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Hockey East Tournament: Observations from Friday night

Providence sophomore Jon Gillies stops Maine forward Cam Brown who had a good chance on the backdoor in the second period.
Providence sophomore Jon Gillies stops Maine forward Cam Brown who had a good chance on the backdoor in the second period.
Matt Dewkett (mrd-photos.com)

PROVIDENCE, RI --- The opening night of the 2014 Hockey East quarterfinals saw three of the four higher seeds win. The only higher seed to lose? No. 1 Boston College, the regular season champion in a land slide, was blown out of its own building by No. 8 Notre Dame, 7-2.

Defenseman Stephen Johns scored twice and Mario Lucia tallied the game-winner as the Fighting Irish defeated the Eagles for the second consecutive time. BC lost to Notre Dame, 2-1, in overtime in the regular season finale for each team.

Notre Dame is 7-0-1 over its last eight games and carries a six-game winning streak into tonight's game. After going 17-0-1 over an 18 game span, Jerry York's Eagles are now 0-2-1 in their last three.

Is it panic button time in Chestnut Hill? No, but the Eagles need to figure out a way to set up in the offensive zone and regain their ability to freely enter the zone. Jeff Jackson implemented a terrific game plan that prevented the Eagles from being able to possess the puck for great periods of time.

Quick start propels Friars

Providence's tenacious forecheck and speed were too much for Maine to handle for a third consecutive game. Nate Leaman's team jumped into a home ice spot in the quarterfinals on the final weekend of the regular season with a shocking sweep of Maine in Orono.

The ice was tilted in Providence's favor for much of the night, including the first half of the first and third periods. The Friars scored twice in a 1:29 span in the first period to go up 2-0 before the midway mark of the opening frame. PC also held Maine without a shot on goal for the first half of the third period, even with the Black Bears pushing for a comeback.

When the Friars did let down their guard, sophomore goaltender Jon Gillies was there to bail the Friars out.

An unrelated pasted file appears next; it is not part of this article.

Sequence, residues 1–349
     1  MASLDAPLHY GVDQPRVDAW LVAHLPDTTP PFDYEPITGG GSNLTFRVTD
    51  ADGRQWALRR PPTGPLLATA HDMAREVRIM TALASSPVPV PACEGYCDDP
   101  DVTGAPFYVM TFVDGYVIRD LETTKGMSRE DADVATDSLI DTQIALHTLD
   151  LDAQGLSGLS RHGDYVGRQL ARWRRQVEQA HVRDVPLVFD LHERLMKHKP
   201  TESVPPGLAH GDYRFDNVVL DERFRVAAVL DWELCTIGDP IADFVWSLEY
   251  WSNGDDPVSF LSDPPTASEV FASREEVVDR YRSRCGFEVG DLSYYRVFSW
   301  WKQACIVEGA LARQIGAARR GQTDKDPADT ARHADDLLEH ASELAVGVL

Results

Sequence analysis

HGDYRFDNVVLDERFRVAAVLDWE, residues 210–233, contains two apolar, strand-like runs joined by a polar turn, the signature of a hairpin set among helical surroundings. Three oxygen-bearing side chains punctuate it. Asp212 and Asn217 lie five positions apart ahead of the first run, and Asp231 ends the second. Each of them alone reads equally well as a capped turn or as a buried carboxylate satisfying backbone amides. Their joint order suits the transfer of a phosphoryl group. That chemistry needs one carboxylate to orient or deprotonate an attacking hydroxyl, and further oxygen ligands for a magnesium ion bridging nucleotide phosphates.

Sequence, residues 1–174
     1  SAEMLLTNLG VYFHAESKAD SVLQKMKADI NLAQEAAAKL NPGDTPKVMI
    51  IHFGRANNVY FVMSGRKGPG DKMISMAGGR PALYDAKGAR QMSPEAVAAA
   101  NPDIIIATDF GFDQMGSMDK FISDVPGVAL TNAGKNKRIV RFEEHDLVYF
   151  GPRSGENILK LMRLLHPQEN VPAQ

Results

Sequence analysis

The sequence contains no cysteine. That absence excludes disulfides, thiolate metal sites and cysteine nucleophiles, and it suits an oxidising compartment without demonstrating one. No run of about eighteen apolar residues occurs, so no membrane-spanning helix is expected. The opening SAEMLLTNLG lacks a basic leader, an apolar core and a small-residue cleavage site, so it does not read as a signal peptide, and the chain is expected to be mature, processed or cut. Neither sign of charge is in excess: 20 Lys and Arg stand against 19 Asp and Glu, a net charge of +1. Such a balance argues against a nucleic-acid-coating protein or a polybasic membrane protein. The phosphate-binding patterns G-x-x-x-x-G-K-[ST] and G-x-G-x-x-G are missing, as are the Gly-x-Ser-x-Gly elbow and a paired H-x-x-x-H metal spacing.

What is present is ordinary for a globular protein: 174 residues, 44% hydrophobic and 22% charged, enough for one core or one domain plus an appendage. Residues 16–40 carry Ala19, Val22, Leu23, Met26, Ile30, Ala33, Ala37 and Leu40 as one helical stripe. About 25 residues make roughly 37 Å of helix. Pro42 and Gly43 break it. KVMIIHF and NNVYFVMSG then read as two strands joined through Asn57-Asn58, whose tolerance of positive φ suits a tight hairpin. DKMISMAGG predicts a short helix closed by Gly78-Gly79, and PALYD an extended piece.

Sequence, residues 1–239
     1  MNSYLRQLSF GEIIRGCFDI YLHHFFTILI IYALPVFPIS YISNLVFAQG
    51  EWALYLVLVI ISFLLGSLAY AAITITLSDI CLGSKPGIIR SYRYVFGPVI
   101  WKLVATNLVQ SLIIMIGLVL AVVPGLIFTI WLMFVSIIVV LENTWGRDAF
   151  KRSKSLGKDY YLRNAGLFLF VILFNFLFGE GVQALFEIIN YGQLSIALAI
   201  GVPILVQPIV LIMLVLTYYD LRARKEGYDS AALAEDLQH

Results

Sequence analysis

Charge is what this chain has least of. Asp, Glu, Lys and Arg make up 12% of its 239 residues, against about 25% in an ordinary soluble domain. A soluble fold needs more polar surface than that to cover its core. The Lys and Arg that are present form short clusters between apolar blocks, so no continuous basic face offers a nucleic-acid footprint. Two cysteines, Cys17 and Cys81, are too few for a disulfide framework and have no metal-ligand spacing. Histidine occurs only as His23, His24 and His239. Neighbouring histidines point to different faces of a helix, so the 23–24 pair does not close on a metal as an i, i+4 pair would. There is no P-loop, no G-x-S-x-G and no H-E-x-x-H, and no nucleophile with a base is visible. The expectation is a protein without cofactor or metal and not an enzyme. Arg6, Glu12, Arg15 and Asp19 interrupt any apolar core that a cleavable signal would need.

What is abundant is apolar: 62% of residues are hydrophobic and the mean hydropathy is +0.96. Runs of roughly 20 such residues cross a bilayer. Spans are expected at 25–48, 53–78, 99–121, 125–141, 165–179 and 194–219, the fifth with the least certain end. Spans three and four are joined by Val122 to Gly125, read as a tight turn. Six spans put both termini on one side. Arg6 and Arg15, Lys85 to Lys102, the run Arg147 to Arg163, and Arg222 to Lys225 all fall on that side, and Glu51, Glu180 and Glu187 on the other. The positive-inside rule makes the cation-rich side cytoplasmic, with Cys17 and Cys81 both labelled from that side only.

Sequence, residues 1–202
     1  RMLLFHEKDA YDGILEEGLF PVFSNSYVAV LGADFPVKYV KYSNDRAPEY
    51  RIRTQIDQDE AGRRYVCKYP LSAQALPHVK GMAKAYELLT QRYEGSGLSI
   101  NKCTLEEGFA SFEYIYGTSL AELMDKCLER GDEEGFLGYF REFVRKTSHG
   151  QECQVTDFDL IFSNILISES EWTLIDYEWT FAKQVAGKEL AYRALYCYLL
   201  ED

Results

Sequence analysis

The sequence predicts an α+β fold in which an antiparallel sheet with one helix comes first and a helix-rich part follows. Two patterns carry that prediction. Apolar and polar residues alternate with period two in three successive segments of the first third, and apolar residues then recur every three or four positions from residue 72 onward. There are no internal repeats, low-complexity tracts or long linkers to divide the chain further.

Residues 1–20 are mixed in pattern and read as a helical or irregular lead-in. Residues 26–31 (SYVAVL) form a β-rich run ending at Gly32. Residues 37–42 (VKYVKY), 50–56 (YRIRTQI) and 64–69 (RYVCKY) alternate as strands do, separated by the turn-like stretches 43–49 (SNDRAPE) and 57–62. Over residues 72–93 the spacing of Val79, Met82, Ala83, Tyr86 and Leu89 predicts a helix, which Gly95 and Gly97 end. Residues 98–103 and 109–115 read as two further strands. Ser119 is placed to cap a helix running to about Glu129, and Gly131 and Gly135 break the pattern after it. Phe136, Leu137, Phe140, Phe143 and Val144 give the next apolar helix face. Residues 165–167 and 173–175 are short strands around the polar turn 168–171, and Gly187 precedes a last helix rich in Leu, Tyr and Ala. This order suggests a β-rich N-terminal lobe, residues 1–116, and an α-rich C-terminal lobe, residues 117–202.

"He makes big saves for us night in and night out," said sophomore Mark Jankowski who scored a goal and added an assist. "We know if we falter [in the defensive zone] he has our back. It gives us a little leeway to play offensively," added the fellow Calgary Flames prospect.

Third period rally for River Hawks

UMass Lowell needed two scored in the third period to escape an upset bid by Vermont. Freshman Evan Campbell scored with 8:43 to tie the score, 2-2, and Adam Chapie buried the game-winner on the power play with 1:17 to play in regulation.

The River Hawks survived, but the Catamounts proved they can play with the defending Hockey East Tournament champions. Freshman Brady Shaw scored both goals for Kevin Sneddon's UVM squad.

Similarly to the two above series, these two teams finished the regular season against each other. Tonight's game will likely be much the same -- low scoring and down to the wire. UMass Lowell needs to find that killer instinct it had last season to put teams away when given the opportunity.

Wildcats stymie Huskies' offense

In its 32 games against opponents not named New Hampshire, Northeastern has averaged 3.34 goals per game. In three games against the Wildcats, the Huskies have found the back of the net just once.

New Hampshire dominated puck possession on its big sheet at the Whittemore Center and prevented Northeastern's skill players from going to the net.

Freshman Tyler Kelleher's goal 4:49 into the third period was the difference as junior goaltender Casey DeSmith stopped all 27 shots he saw.

One noticeable difference in this game was the inability of Northeastern's third and fourth lines to generate much in terms of offensive productivity. There were no shots on goal by any of NU's forwards on the fourth line while Dalen Hedges had two and Adam Reid had one on the third line. The first and second lines had 10 and nine shots on goal, respectively.

Compare that to UNH that had much more balance in terms of shot production. The first, third and fourth lines each had five shots on goal while the second unit had six shots on target.

Jeff Cox covers college, junior and high school hockey, NCAA recruiting and NHL Draft prospects. Follow him on twitter @JeffCoxSBNation.